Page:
Inside UX: How Bloomberg’s UX team made multi-tasking on iPad Pro a reality

February 22, 2018

If you’ve ever seen a Bloomberg Terminal user in action, you know multi-tasking is essential. The ability to see numerous streams of financial information side-by-side on multiple monitors is a defining feature of the Terminal experience. At least, that was, on desktop. Historically, Terminal users weren’t easily able to multitask on mobile devices.

All of that changed in early 2016 when an opportunity led them to solve the unmet need within the Bloomberg Professional mobile app: multi-tasking.

The challenge: Splitting the difference

Earlier that year, Apple had announced Split View capabilities on the iPad: the display of two apps side-by-side, but at that time, it would only work for Apple native apps. Knowing that the ability to look at multiple screens was in high demand as a feature on the Bloomberg Professional app, the UX team was inspired to explore the idea of leveraging the split-screen functionality to address the challenge of multi-tasking within their own app.

Native split screen functionality offered by iOS. Example of the user writing a note while browsing the web.

For background, the Bloomberg Professional app is a “platform” app: a mega app with many mini apps (“applets”) housed within it, not unlike Facebook or WeChat.

In order for a user to perform two tasks simultaneously, he or she would have to navigate in and out of each applet – a very cumbersome and inefficient workflow for a buy side analyst for example, who may be trying to read a research report and capture secure notes at the same time.

Allowing two versions of the same application to run side-by-side, was not only a technical challenge but also a major interaction and visual challenge.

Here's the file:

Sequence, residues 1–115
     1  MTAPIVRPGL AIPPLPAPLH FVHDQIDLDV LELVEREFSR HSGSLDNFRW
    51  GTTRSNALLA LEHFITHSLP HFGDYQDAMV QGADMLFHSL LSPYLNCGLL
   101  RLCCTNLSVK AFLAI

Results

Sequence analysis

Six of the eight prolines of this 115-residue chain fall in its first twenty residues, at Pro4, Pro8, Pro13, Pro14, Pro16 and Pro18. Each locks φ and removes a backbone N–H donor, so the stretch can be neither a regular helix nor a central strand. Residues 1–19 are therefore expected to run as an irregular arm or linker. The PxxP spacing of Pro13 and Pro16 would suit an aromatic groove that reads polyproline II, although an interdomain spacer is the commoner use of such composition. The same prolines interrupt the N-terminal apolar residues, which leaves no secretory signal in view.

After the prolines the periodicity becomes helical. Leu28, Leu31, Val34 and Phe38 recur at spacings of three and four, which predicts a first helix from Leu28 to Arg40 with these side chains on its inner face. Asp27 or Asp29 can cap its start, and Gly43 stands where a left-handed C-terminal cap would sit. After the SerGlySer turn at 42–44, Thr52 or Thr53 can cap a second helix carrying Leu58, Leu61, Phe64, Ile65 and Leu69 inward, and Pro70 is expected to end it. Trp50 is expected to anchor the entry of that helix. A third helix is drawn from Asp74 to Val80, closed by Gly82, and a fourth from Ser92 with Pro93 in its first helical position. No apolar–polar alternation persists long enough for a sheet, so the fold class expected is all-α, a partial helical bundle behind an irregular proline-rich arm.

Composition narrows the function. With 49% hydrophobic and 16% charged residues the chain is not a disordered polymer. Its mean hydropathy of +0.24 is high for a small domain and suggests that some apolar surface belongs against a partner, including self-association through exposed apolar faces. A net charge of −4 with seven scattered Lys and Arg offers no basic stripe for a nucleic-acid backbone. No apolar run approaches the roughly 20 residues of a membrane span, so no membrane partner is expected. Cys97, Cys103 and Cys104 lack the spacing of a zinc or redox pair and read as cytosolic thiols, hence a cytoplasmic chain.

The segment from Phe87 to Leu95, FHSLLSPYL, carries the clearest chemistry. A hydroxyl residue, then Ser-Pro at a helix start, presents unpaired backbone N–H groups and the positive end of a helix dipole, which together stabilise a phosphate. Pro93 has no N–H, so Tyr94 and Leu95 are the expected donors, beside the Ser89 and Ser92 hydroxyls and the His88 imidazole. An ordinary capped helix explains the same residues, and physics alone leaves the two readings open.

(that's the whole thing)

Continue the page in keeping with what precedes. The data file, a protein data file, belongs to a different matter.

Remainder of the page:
Nuanced animation for discoverability

A team of one designer and two engineers began to assess the feasibility of the idea and assess what would be achievable in the tight deadline.

“We knew seizing this opportunity would galvanize our team to think differently about innovation on mobile. We might not get it right the first time, but it seemed like a no-brainer to evolve the functionality of the mobile app to enable a multi-screen experience akin to the desktop Terminal,” Says Alex Hurworth, Team Lead for Mobile User Experience.

The team tried something small: keep the menu of applets the same, but experiment with using a gesture as a way to split the screen.  Using an example to illustrate the point: A user tapping on the Messaging applet button would ordinarily launch the user straight into the applet, but if they held their finger down (“long press” on the menu item) the applet would open in “Split View” mode, alongside whatever app they were already viewing.

Initial sketches of the concept.

But how would the user discover this gesture?  The team tried a range of implementations, but found exiting and entering the split screen wasn’t really intuitive.

After exploring many options, they came up with the idea of using a subtle—but ultimately very effective—animation to help users figure it out. The “long press” would visually start to appear differently, encouraging the user to hold the screen longer, signaling that something was going to happen.

Explorations of different animations for launching into the “Split View.”

In the end, the team landed on the version below because it struck the right tone with the brand and was appropriate for this UI element.  It looked similar to a progress bar, communicating a forward-driving motion and communicated the direction in which the new panel would appear.  Lastly, it felt most aligned to the native platform (some options felt appropriate for Android, but not for iOS).

The selected animation that was ultimately implemented.

Laying a foundation for innovation

The UX team has continued to refine the animation, with their most recent version resulting in double the amount of users discovering the feature. Feedback has been very positive with users emphasizing the value they are getting from the split screen functionality. The team has even seen other apps adopt a similar design pattern.”

The end product in action: The Bloomberg app split in two, showing a user writing a note while reading a news article.

This entire process demonstrated the value of collaborating in a cross-disciplinary way with the mindset of “fail fast, iterate often.”

“The ability to launch this new feature inspired us to think differently about the Bloomberg Professional app on iPad,” said Yvonne Caravia, Global Head of Mobile Product. “It was a major product launch that galvanized the team to look at the possibilities for our clients’ most advanced workflows.”